KUNDUZ, Afghanistan (Christian Examiner) – The more than 80 international and Afghan medical staff working the night shift at the Doctors Without Borders/Médecins Sans Frontières (MSF) trauma hospital in Kunduz last Saturday did not expect to need to operate on each other. But one doctor died on the top of a desk, an improvised operating table, while coworkers attempted to save him from wounds he sustained while a targeted American airstrike destroyed the hospital around them.
While the building burned, the surviving MSF and Afghan staff attempted to move the surviving patients, of whom there were more than 105 at the time of the attack, to safety away from the building.
Twenty-two people were killed in the attack, including 12 MSF staff and 10 patients, of whom three were children. Thirty-seven people were wounded.
In Kunduz our patients burned in their beds. MSF doctors, nurses, and other staff were killed as they worked. Our colleagues had to operate on each other. ... Today we pay tribute to those who died in this abhorrent attack. And we pay tribute to those MSF staff who, while watching their colleagues die and with their hospital still on fire, carried on treating the wounded.
It did not take long for Doctors Without Borders to demand to know what happened.
In a press briefing, MSF U.S. executive director Jason Cone said the situation was intolerable because of its violation of the safeguards set in place by the international community. "This was not just an attack on our hospital—it was an attack on the Geneva Conventions. This cannot be tolerated," he said.
Though MSF is no stranger to war—since the Taliban attacks on Kunduz since late September, the Kunduz trauma hospital had treated about 400 war wounded—this event marks the greatest number of lives lost to an airstrike. Cone said: "These Conventions govern the rules of war and were established to protect civilians in conflicts—including patients, medical workers, and facilities. They bring some humanity into what is otherwise an inhumane situation."
OBAMA APOLOGIZES FOR TRAGEDY
President Barack Obama made two phone calls today, one to MSF international president Joanne Liu and another to Afghan President Ashraf Ghani, to offer his condolences and apologies for the tragic accident that the U.S. has taken responsibility for.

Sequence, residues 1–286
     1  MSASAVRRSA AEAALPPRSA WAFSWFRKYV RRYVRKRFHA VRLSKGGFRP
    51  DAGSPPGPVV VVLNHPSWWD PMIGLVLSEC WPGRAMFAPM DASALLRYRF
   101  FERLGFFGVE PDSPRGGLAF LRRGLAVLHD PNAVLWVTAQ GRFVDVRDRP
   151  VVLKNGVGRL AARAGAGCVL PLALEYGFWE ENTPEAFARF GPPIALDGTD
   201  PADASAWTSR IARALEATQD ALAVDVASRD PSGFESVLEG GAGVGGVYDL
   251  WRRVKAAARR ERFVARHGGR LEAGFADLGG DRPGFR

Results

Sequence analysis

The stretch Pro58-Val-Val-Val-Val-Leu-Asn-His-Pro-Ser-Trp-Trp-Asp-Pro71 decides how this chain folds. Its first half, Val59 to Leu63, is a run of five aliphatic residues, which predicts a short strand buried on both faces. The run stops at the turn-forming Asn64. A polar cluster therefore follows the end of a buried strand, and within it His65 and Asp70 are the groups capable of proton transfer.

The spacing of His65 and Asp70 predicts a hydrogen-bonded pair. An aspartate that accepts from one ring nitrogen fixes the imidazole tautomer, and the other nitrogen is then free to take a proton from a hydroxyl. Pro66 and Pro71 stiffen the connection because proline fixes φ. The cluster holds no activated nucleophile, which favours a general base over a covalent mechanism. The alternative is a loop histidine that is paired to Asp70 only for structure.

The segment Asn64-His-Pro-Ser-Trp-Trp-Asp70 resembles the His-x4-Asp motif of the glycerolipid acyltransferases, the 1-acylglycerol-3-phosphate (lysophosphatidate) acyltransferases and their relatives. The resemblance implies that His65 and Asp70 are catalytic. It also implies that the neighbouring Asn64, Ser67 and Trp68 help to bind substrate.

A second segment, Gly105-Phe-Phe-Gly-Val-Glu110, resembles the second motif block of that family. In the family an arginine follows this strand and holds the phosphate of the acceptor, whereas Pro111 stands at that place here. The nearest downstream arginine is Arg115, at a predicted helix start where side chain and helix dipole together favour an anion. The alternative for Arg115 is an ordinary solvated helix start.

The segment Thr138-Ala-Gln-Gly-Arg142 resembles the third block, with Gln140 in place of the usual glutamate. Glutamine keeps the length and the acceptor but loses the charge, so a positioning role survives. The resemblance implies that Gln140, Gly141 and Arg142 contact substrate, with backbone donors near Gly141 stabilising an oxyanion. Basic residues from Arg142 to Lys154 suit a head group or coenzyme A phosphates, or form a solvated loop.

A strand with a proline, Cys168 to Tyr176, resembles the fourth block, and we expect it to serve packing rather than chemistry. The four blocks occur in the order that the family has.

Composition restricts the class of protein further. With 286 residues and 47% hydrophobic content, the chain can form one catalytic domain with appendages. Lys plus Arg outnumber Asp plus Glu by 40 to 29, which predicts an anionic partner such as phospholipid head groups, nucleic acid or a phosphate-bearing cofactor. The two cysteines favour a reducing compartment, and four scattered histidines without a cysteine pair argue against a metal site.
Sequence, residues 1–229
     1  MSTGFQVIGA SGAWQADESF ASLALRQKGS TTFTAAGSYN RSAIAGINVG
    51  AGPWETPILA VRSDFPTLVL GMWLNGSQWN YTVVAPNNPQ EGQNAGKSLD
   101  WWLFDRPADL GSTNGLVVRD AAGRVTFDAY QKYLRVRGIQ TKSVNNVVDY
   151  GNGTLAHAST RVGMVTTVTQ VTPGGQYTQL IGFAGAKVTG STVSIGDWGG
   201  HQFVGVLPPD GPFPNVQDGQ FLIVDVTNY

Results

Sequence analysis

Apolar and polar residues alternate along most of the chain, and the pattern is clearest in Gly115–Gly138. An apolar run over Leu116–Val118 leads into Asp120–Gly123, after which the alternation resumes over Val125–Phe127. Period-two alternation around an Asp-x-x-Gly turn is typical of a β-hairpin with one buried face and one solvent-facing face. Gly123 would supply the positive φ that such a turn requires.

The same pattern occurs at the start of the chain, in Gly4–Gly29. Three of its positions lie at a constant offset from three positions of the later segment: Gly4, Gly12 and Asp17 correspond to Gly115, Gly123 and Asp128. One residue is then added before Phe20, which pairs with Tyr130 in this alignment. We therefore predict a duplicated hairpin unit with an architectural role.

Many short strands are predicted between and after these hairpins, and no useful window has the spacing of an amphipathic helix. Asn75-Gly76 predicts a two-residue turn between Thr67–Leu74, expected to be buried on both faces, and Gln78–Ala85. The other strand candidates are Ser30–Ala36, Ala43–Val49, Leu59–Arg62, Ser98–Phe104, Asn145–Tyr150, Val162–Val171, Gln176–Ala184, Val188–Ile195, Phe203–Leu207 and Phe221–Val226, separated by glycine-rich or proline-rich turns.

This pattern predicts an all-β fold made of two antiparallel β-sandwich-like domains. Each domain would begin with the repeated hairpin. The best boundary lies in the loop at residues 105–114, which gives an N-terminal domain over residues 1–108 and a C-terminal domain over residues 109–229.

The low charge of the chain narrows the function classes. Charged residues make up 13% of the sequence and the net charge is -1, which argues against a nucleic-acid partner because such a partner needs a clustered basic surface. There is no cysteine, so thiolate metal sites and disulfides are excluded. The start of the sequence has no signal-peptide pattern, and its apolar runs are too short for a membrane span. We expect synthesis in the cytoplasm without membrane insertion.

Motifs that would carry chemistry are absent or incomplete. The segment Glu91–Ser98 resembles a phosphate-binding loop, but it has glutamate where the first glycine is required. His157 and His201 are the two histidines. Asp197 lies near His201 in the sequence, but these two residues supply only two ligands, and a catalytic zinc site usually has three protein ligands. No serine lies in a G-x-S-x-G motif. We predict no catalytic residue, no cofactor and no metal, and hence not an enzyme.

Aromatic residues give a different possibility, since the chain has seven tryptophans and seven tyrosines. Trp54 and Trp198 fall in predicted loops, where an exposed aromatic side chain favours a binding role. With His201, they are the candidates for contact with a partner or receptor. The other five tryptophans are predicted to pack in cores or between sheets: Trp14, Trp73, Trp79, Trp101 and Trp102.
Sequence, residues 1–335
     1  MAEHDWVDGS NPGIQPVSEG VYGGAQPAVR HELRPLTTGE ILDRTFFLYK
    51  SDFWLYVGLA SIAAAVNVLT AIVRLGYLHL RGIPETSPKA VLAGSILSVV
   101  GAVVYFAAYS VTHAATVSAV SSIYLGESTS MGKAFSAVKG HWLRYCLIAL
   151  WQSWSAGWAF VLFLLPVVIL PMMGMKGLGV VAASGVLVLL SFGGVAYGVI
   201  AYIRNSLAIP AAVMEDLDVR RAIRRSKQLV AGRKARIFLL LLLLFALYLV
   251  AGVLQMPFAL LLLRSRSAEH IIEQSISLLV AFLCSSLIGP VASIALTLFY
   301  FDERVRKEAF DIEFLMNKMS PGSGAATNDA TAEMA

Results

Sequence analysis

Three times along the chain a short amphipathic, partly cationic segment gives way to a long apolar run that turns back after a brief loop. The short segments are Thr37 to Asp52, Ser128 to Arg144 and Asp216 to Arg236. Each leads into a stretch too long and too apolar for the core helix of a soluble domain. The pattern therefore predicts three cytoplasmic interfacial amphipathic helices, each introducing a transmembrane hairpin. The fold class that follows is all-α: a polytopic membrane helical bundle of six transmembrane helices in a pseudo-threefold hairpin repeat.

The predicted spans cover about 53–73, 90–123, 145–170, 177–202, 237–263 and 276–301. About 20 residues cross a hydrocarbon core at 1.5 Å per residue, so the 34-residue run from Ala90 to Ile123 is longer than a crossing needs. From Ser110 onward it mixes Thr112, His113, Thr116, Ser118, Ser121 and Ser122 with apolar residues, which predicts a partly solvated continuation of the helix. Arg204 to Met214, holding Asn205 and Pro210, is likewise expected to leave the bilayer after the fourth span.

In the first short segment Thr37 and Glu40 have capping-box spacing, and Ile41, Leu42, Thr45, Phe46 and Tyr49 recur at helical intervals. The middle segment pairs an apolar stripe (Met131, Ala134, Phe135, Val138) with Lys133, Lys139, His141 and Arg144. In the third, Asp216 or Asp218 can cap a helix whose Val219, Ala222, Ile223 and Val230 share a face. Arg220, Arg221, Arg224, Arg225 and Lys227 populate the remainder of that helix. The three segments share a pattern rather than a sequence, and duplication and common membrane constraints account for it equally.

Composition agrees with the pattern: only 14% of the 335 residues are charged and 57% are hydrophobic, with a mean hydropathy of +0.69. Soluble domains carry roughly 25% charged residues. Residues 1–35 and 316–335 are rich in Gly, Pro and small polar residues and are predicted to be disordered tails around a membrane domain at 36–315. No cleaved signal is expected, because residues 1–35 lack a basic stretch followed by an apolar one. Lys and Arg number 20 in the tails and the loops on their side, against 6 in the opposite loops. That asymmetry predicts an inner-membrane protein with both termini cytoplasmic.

MSF has called for an international investigation into the attack, asking for the International Humanitarian Fact-Finding Commission (IHFFC), created by the Geneva Conventions in 1991, to be activated.
"If we let this go, as if was a non-event, we are basically giving a blank check to any countries who are at war," Liu said in Geneva, according to reporting by Reuters. "If we don't safeguard that medical space for us to do our activities, then it is impossible to work in other contexts like Syria, South Sudan, like Yemen."
According to a briefing by White House spokesman Josh Earnest, the U.S. has launched an investigation to "provide a transparent, thorough and objective accounting of the facts and circumstances of the incident. And that, if necessary, the president would implement changes to make tragedies like this one less likely to occur in the future."
But MSF wants to understand the discrepancy between the U.S. explanation, which changed in the first three days after the tragedy, and the Afghan account of the events, which differed.
Cone specifically asked the President to submit to the international investigation. "We are calling on President Obama to consent to the fact-finding commission. Doing so will send a powerful signal of the US government's commitment to and respect for International Humanitarian Law and the rules of war."
General John F. Campbell, leader of American forces in Afghanistan, gave a statement in which he definitively called the airstrike "a U.S. decision."
Although it is not certain exactly what happened, the consensus at present seems to be that the airstrike, which lasted for more than a half hour and was specific to the hospital building, was approved by U.S. forces.
Afghan forces fighting the Taliban asked for American assistance. Whether the airstrike was believed to be performed in defense of American or Afghan troops, it was conducted against the hospital, where no armed combatants were present.
MSF had previously provided military forces with the GPS location of the hospital.
"A hospital was mistakenly struck," said Campbell, after previously calling the airstrike against the hospital "collateral damage."
"We would never intentionally target a protected medical facility," Campbell said.
Cone said this airstrike has affected more than just the MSF doctors, staff, and patients who were killed and injured. "Tens of thousands of people in Kunduz can no longer receive medical care now when they need it most. Today we say: enough. Even war has rules."